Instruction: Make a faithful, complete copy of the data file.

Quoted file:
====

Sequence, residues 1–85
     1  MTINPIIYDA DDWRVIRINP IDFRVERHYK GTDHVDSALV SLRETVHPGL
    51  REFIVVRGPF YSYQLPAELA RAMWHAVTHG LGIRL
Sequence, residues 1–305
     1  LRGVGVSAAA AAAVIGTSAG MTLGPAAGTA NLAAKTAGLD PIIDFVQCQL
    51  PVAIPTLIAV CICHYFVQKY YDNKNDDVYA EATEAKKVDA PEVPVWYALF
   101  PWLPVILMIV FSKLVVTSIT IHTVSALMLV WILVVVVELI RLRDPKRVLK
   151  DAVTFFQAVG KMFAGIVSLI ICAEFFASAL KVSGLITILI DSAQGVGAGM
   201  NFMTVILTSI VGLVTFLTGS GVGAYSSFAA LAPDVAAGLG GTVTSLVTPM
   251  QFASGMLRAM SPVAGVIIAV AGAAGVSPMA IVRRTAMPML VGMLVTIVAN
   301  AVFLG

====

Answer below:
Sequence, residues 1–85
     1  MTINPIIYDA DDWRVIRINP IDFRVERHYK GTDHVDSALV SLRETVHPGL
    51  REFIVVRGPF YSYQLPAELA RAMWHAVTHG LGIRL
Sequence, residues 1–305
     1  LRGVGVSAAA AAAVIGTSAG MTLGPAAGTA NLAAKTAGLD PIIDFVQCQL
    51  PVAIPTLIAV CICHYFVQKY YDNKNDDVYA EATEAKKVDA PEVPVWYALF
   101  PWLPVILMIV FSKLVVTSIT IHTVSALMLV WILVVVVELI RLRDPKRVLK
   151  DAVTFFQAVG KMFAGIVSLI ICAEFFASAL KVSGLITILI DSAQGVGAGM
   201  NFMTVILTSI VGLVTFLTGS GVGAYSSFAA LAPDVAAGLG GTVTSLVTPM
   251  QFASGMLRAM SPVAGVIIAV AGAAGVSPMA IVRRTAMPML VGMLVTIVAN
   301  AVFLG